David Schwimmer, chief executive of the London Stock Exchange Group, is right to say that more co-operation and continuity of service are in everyone’s interest as the UK leaves the EU, but this extends far wider than the City (“Europe’s finance sector in dark as Brexit transition nears end”, Report, November 27).
The end of the transition period brings an end to the UK’s access to the free flow of personal data provision granted between EU countries under data protection laws.
There remains hope that a decision may yet be reached for the UK to continue to be part of this arrangement, but put simply, businesses relying on this happening are taking too great a risk.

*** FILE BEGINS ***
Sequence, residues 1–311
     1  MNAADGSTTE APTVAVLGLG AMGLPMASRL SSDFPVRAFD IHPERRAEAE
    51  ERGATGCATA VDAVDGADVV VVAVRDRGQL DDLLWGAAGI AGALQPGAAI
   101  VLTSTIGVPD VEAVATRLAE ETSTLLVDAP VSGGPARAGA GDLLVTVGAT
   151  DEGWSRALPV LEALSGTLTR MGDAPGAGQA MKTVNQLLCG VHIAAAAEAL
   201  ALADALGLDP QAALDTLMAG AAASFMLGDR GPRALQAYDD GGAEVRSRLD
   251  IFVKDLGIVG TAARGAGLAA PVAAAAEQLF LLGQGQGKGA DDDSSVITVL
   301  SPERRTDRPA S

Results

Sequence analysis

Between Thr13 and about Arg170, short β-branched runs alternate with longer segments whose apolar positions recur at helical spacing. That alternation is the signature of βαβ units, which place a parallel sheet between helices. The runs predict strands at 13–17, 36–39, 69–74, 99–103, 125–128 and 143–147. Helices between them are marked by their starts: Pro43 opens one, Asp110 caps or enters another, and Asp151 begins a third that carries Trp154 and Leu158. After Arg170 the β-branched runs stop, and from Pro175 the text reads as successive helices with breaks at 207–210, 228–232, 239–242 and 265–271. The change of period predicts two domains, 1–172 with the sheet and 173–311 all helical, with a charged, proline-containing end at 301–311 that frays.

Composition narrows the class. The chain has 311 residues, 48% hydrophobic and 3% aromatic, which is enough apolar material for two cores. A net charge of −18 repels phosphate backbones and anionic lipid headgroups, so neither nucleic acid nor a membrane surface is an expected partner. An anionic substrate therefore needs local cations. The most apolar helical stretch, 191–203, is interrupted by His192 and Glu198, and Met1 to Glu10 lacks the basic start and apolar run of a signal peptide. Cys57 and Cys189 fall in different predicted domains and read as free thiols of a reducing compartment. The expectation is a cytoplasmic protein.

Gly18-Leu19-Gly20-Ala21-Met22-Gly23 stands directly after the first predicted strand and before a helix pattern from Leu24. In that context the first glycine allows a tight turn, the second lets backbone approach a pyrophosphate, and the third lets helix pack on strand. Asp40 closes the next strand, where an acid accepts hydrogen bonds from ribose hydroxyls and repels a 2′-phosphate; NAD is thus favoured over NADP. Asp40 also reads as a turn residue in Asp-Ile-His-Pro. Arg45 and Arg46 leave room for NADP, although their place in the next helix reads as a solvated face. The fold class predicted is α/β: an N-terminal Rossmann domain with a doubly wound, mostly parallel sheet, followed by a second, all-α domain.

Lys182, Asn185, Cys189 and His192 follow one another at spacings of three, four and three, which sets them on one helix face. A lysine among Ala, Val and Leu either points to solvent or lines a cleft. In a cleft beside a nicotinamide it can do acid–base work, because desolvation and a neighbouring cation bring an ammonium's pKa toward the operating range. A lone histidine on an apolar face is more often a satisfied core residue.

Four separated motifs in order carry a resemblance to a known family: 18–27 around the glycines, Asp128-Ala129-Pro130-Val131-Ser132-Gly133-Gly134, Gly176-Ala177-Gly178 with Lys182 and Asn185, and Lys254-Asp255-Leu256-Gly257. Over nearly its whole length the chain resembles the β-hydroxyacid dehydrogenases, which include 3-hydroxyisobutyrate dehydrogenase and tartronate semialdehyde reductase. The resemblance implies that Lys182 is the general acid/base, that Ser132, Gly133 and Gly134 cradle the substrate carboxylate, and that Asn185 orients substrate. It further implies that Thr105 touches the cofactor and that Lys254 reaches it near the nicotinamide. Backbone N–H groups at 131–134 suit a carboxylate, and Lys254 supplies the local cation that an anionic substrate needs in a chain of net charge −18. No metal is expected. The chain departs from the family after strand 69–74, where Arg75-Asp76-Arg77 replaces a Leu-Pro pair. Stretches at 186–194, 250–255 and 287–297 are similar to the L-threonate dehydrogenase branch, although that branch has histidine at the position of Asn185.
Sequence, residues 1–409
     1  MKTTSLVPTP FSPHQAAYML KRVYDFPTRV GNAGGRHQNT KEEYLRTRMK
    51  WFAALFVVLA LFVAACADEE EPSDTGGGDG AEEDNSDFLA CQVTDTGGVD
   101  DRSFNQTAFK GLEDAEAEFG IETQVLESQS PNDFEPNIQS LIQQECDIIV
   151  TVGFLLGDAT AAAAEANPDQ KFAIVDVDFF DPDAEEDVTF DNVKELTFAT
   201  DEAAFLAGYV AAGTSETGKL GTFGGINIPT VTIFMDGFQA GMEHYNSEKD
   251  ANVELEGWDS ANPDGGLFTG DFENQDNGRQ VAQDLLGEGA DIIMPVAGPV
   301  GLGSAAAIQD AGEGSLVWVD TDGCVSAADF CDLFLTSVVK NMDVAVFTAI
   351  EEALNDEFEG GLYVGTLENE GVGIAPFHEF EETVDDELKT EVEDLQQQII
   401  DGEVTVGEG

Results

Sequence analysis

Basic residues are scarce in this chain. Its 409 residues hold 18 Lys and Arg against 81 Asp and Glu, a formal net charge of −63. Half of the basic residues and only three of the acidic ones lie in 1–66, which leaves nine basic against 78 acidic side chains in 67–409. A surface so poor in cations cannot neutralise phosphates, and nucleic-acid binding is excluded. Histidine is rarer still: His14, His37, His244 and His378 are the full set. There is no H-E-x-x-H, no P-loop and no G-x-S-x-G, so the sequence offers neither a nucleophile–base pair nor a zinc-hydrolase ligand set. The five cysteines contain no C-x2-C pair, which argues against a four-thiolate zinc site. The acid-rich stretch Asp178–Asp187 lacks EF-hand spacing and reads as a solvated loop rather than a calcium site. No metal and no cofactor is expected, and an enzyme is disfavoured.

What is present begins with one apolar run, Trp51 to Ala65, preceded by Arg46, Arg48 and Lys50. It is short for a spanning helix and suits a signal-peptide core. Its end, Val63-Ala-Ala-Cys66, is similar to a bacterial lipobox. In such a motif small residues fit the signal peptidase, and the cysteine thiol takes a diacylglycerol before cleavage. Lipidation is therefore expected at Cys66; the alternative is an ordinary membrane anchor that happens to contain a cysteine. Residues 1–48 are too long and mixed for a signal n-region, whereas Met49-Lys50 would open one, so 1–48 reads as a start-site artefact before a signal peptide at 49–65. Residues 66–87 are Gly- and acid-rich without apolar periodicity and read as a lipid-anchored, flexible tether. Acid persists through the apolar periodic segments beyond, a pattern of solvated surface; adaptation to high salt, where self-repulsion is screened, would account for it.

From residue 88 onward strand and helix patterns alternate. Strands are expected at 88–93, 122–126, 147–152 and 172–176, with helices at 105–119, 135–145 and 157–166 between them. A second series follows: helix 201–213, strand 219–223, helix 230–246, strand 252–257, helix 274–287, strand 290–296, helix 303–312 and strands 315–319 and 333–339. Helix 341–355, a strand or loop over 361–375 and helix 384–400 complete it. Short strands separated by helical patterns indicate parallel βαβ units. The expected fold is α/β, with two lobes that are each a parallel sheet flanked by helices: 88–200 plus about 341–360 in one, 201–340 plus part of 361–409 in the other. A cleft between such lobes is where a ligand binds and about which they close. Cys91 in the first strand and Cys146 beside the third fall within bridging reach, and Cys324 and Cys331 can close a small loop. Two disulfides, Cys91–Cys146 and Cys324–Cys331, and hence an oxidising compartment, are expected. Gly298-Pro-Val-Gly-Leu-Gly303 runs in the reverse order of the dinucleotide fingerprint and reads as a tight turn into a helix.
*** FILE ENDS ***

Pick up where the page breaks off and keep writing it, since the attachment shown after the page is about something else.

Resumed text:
An end to the flow of data provision would restrict personal data moving from the EU to the UK, affecting everything from human resources records to customer details, shareholder registers to the use of cloud services.
With stakes that high, businesses must respond, and put provisions in place ahead of December 31 where required. There are instruments businesses can use to maintain their data flows, but these require consideration and preparation immediately. As the UK’s data protection regulator, there is more information on these options on our website.
The data market in the UK is the largest in Europe, and innovative use of personal data has driven growth in the digital economy, particularly over the past year.
It is vital businesses do not take the flow of that data for granted.
UK Information Commissioner
Wilmslow, Cheshire, UK